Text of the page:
What is the difference between dyslexia screening and dyslexia testing?
If you are considering getting an assessment for your child, you have likely noticed signs of a reading problem, trouble learning, or poor school performance. Once a parent, other family members, or the child’s teachers notice these signs, it’s a good idea to investigate.
There are two methods for determining the nature and extent of a learning difficulty: screening and assessment.
Screening is a method for identifying children who are at risk. This usually takes the form of a brief test. The results are useful but inconclusive. These tests are, by their nature, not specific enough to justify a diagnosis.
In contrast, a formal dyslexia assessment is a personalized, detailed process that aims to paint a picture of a particular child’s strengths and weaknesses.
Who can make a dyslexia diagnosis?
In many countries, the ability to diagnose dyslexia is limited to certain qualified professionals. No overarching law defines who may provide a diagnosis in the United States. Generally, however, there is an understanding that one test on its own cannot be an adequate basis for a dyslexia diagnosis. Clinicians who typically give dyslexia diagnoses use a battery of tests. A medical or physiological report may be integral to that process but not sufficient on its own.
These are the professionals who most commonly issue diagnoses or can acquire institutional support for dyslexia:
– Educational or school psychologist
Educational psychologists and school psychologists are interested in how children absorb and process information and are tasked with assessing children for learning disorders.
A neuropsychological assessment is a detailed evaluation to determine the presence, nature, and severity of cognitive dysfunctions. The goal is to establish whether a child’s cognitive abilities are adequate for the demands of mainstream education.
– Speech-language pathologist
Because dyslexia concerns the act of reading, specialists in language acquisition are well-placed to address it. They are often involved in a cluster of professionals who provide input on assessments of a child’s linguistic competence.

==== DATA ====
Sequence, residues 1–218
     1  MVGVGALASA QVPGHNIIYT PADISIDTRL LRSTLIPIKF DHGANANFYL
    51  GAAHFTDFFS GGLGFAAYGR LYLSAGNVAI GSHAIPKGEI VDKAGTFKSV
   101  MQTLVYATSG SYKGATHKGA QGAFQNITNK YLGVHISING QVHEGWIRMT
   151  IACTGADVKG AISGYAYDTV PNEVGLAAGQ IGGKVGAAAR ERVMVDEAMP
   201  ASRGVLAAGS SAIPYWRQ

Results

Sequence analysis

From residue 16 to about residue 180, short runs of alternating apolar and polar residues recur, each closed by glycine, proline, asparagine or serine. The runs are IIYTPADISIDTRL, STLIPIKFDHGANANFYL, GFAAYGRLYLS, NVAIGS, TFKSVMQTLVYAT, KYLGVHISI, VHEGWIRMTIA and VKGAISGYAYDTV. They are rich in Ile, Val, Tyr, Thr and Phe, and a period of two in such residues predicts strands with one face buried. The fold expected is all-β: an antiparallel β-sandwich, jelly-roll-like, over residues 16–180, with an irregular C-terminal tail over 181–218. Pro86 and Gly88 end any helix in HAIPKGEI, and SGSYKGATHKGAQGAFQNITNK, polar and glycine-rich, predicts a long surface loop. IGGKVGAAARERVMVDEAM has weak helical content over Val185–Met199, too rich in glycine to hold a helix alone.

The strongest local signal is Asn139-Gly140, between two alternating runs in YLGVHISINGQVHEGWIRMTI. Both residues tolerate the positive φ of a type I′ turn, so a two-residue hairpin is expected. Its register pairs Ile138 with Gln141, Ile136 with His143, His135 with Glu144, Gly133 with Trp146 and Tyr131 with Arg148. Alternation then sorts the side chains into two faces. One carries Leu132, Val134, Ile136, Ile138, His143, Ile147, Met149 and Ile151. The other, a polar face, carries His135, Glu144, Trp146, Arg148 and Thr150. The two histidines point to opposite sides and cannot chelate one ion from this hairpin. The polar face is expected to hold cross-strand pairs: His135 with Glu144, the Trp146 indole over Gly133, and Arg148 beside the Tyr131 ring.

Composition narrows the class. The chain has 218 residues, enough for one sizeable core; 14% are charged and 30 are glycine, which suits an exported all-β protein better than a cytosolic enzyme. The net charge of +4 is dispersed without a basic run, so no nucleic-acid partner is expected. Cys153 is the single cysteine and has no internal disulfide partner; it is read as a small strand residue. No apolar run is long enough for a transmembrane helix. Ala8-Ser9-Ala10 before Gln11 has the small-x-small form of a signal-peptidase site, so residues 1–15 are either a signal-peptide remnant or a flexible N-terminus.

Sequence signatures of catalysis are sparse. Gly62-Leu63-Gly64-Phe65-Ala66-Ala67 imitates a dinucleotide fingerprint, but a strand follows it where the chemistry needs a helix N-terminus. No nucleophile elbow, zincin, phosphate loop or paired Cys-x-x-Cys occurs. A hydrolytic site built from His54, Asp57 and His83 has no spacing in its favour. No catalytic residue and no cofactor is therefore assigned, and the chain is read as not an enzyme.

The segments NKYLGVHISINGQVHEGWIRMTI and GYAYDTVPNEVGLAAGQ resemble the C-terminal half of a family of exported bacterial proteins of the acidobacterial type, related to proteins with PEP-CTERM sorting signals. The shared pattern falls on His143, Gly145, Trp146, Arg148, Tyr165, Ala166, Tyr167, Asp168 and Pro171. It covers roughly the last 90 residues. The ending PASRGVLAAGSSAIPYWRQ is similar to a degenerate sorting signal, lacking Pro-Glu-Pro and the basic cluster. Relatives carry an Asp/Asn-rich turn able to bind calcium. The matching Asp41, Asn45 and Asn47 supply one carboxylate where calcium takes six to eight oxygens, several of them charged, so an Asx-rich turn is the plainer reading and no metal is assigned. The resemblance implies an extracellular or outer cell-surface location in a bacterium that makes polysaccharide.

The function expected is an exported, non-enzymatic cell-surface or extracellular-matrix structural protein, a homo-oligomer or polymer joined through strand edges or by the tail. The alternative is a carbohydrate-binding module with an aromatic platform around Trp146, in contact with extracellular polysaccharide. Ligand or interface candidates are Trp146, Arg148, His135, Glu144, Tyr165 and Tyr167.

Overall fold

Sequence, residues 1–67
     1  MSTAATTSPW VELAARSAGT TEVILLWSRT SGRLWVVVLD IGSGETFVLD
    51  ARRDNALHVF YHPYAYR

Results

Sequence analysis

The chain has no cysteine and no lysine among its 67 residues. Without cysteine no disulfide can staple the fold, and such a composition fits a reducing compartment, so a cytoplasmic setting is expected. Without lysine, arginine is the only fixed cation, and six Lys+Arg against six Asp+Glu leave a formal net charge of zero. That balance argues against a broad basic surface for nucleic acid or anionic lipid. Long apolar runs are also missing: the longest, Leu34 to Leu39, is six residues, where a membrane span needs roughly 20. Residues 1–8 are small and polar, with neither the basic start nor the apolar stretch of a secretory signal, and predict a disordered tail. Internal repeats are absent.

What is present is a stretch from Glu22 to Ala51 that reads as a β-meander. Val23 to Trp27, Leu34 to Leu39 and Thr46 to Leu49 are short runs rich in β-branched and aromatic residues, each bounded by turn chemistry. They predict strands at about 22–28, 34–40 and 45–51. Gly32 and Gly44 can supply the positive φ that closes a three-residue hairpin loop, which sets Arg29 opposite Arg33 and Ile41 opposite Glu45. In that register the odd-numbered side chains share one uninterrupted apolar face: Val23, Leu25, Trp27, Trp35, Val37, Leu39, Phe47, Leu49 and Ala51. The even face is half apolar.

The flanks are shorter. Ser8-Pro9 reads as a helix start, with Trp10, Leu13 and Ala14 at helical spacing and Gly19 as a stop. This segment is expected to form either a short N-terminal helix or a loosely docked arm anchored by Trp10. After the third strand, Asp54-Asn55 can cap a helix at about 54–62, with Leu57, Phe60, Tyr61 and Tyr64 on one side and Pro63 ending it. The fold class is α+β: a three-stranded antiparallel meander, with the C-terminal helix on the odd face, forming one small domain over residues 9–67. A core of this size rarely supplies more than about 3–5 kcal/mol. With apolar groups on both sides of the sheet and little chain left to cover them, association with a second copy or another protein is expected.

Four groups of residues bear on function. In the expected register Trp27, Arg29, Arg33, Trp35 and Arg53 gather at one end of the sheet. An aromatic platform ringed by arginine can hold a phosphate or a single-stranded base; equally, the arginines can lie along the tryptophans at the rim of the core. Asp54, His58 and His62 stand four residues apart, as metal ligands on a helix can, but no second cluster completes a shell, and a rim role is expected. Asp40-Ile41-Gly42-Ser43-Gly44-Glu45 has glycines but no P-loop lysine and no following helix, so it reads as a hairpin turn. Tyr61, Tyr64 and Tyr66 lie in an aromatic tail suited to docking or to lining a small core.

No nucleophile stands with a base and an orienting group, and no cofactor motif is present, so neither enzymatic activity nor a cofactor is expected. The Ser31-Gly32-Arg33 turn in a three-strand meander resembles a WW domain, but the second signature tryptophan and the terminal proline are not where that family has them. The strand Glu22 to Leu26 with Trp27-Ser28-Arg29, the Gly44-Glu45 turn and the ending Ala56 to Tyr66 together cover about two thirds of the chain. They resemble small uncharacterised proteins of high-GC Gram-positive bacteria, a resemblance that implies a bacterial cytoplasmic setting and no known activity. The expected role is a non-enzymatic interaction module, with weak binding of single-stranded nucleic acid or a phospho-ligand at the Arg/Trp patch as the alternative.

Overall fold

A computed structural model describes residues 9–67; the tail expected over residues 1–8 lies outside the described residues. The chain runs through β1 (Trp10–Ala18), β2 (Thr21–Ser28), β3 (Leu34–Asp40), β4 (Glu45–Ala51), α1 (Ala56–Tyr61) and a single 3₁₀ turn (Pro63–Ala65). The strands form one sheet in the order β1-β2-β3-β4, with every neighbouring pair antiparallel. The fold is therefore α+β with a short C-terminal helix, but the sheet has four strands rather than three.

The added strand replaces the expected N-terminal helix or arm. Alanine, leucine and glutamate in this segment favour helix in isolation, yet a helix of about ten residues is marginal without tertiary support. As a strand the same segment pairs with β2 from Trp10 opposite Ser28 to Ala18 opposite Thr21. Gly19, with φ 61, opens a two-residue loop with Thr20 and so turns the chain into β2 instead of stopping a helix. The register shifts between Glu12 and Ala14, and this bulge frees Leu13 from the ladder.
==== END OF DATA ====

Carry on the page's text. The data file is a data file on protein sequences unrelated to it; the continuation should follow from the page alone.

– Occupational therapists
While occupational therapists usually play a direct role in dyslexia treatment, they can also contribute to diagnoses in some cases. They have specific expertise in the management of the environment for learning. For example, they observe how a child sits, stands, and engages with the classroom.
An optometrist test is an easy way to determine whether a child’s vision is normal or deficient. Optometrists can test your child’s eyesight and check whether the eyes function normally. Similarly, an audiologist can assess your child’s hearing to confirm that no hearing impairment is present.
These are essential first steps before seeking a dyslexia test, because the assessor will want to know that your child has no physiological deficits.
What happens after a dyslexia test?
If your child is diagnosed with dyslexia after undergoing a comprehensive assessment, you may experience relief. You finally have an answer to the question of why your child is not performing well at school. But the news can also evoke dread and fear. Understandably, you may worry that dyslexia will be a lifelong obstacle. The good news is that this need not be the case. Here are some things that you can do if you are in this situation:
– Get an Individualized Education Plan (IEP) in place
Dyslexia is classed as a specific learning disability. This means that a dyslexic child is entitled to additional support where necessary. In the United States, this is known as an Individualized Education Plan (IEP).
If your child does not qualify for special accommodations at school but has received a professional diagnosis of dyslexia, you can make use of Section 504 of the Rehabilitation Act, 1973. It is an alternative avenue to acquire additional services for your child, such as extra time on tests or educational support in the classroom.